The Difference Between Persistent Depressive Disorder and Major Depression

Depression comes in many different varieties recognized by mental health professionals. Persistent depressive disorder (PDD) is a long-term, chronic type of depression. It causes similar symptoms to major depression, including sadness, fatigue, hopelessness, and changes in eating and sleeping patterns. PDD is typically milder, but it still causes dysfunction and impairs quality of life. Getting a diagnosis is important and should lead to effective professional care to help manage this condition and reduce symptoms.

If you feel down most days, struggle to get through the day, feel hopeless and can’t seem to get relief for weeks on end, you may have persistent depressive disorder.

This is a real mental condition, and while it’s less severe than major depression, it can still have serious consequences. Reach out for help and get a diagnosis. Residential care can help.

Depression is a mental illness, a description of a mood, and a clinical term that encompasses several subtypes.

All types of depression affect mood and the ability to function.

Depression can take several forms varying by symptom type and duration, gender and age, medical condition, and more:

  • Major depression causes serious, persistent feelings of sadness and other symptoms that make functioning or enjoying life very difficult.
  • Persistent depressive disorder is a milder but more chronic and lasting form of depression.
  • Bipolar depression alternates with periods of mania, an elevated and dangerously high-energy mood.
  • Perinatal and postpartum depression occurs during and after pregnancy and giving birth, and causes symptoms ranging from moderate to severe and potentially life-threatening.
  • Premenstrual dysphoric disorder is a severe type of PMS, which occurs in the days or even weeks leading up to menstruation.
  • Seasonal affective disorder causes depression in a seasonal pattern, most often in winter but in rare cases in spring and summer.
  • Psychotic depression is a severe episode of depression that causes delusions and hallucinations.

Mental health professionals also recognize other types of depression, such as situational depression, which occurs in response to a major life event, like a death. Certain illnesses or medications can trigger depression. There are also atypical cases of depression that don’t follow all the same patterns of other types.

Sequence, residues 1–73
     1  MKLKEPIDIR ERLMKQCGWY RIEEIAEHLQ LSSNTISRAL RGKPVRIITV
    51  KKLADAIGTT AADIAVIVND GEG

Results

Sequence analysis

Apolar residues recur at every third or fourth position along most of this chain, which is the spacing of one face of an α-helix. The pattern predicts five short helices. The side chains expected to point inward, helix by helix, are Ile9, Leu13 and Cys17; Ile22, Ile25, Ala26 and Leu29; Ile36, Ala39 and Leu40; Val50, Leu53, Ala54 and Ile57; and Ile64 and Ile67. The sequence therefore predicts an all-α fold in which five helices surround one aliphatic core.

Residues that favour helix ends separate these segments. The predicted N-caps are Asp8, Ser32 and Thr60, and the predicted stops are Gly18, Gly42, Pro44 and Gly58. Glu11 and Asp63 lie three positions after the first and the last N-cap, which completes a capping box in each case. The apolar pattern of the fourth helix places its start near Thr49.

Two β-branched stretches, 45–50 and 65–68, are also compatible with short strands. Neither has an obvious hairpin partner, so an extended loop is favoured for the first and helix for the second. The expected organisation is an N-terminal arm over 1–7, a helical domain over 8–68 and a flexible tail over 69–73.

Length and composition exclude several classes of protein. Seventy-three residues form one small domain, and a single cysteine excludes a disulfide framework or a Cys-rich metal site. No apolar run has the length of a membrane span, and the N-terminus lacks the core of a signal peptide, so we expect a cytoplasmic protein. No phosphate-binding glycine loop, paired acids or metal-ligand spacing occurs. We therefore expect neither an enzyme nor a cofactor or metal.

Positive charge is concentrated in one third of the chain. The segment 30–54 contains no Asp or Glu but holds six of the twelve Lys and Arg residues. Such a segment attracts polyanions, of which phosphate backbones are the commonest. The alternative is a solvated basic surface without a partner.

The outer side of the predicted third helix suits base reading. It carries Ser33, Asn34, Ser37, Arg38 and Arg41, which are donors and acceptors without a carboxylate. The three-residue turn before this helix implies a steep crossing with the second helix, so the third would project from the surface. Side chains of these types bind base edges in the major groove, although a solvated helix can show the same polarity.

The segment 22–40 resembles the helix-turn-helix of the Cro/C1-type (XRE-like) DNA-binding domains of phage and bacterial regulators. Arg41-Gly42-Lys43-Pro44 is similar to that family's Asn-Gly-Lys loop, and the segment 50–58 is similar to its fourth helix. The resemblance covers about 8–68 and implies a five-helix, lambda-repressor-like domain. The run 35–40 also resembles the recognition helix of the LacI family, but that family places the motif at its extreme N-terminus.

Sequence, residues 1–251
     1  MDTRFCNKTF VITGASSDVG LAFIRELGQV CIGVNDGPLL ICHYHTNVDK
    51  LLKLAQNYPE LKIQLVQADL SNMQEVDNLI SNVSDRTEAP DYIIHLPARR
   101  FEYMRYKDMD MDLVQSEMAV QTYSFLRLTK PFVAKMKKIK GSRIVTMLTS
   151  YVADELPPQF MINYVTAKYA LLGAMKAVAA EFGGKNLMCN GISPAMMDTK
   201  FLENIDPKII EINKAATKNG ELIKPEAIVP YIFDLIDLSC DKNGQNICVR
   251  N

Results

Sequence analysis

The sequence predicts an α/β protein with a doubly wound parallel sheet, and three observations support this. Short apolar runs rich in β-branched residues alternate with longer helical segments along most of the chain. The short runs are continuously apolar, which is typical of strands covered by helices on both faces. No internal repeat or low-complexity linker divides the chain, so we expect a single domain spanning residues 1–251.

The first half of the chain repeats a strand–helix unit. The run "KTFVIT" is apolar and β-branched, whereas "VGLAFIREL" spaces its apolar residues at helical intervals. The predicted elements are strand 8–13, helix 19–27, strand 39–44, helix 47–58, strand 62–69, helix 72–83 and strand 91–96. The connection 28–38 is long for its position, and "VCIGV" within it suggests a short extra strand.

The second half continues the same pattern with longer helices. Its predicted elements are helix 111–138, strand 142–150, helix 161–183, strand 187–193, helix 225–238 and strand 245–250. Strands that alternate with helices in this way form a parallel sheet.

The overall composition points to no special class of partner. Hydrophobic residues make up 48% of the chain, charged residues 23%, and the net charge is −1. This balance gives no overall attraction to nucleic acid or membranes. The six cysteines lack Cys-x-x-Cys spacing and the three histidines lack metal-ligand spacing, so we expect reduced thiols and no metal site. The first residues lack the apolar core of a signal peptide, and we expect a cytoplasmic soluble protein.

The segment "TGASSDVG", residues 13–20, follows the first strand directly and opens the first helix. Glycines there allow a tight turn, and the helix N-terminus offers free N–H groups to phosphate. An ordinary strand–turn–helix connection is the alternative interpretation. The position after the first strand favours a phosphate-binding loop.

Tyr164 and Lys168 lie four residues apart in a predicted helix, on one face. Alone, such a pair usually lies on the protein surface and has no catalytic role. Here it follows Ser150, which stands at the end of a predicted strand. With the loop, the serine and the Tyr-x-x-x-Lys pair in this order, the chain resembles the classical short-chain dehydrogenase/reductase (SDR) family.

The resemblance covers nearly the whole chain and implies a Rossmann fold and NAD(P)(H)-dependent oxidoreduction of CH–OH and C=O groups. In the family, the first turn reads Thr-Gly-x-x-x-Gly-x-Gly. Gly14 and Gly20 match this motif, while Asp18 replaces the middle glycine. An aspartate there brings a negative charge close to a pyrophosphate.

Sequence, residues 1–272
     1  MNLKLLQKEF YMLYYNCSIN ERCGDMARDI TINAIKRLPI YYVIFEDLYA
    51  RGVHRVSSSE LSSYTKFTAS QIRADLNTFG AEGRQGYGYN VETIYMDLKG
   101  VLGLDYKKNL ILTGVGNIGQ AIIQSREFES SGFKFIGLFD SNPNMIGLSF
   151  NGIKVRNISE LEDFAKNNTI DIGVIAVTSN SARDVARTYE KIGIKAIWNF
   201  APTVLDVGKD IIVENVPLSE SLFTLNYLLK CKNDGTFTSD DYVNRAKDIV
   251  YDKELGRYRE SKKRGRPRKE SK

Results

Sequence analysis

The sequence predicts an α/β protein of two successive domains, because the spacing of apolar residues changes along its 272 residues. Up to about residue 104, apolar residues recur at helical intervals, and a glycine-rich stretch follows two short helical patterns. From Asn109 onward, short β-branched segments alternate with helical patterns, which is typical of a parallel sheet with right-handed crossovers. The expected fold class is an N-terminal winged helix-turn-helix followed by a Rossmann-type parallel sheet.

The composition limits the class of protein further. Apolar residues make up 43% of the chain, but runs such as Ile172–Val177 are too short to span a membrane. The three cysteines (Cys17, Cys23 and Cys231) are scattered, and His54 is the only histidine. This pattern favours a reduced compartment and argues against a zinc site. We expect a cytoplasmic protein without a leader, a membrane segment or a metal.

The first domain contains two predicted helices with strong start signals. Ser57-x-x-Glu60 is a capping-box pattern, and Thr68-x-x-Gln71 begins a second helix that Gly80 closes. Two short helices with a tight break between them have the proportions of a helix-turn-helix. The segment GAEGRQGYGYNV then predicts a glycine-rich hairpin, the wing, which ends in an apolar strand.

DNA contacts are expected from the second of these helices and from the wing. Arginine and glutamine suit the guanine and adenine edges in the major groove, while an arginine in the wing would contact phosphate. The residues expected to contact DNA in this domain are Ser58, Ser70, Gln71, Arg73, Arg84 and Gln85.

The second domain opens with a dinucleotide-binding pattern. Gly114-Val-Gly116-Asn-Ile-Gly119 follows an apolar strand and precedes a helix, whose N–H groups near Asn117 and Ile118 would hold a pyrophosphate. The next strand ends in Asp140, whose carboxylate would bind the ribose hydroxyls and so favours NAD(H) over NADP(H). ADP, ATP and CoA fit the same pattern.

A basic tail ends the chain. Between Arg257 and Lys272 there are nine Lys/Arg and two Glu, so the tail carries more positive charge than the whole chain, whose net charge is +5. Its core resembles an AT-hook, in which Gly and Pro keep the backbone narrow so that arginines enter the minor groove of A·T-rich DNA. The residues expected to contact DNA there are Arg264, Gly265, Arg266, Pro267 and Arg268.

Understanding the Clinical Terminology

The clinical term depression most often refers to major depression, also known as major depressive disorder. This mood disorder causes persistent sadness and a loss of interest in normal activities or things a person used to enjoy.

If you have depression, you likely have many other symptoms, but these two are the most characteristic signs of major depression. Other symptoms include difficulty thinking, feelings of guilt or shame, irritability, and changes in sleep or eating patterns.

Major depression causes symptoms severe enough to interfere with your daily activities. They typically persist daily for at least two weeks.

Persistent Depressive Disorder

Persistent depressive disorder (PDD) is also known as dysthymia. It is a chronic, long-term type of depression that lasts for at least two years. The symptoms are similar to those caused by major depression but are generally not as severe.

Even though PDD symptoms are milder, they can fluctuate from mild to moderate and sometimes be severe. The symptoms never go away for longer than a couple of months at a time. They can also impair normal functioning and interfere with normal activities.

To other people, someone with PDD may seem fine, if a little gloomy. Although you may be better able to cope with daily life with this condition as compared to major depression, it still causes significant distress and dysfunction.

The Differences in Diagnosis

One way to look at the differences between these two types of depression is to see how mental health professionals diagnose them. The fifth and most recent edition of the Diagnostic and Statistical Manual of Mental Disorders lists nine symptoms characteristic of major depression:

  1. A depressed, sad mood
  2. Loss of interest in most activities, also known as anhedonia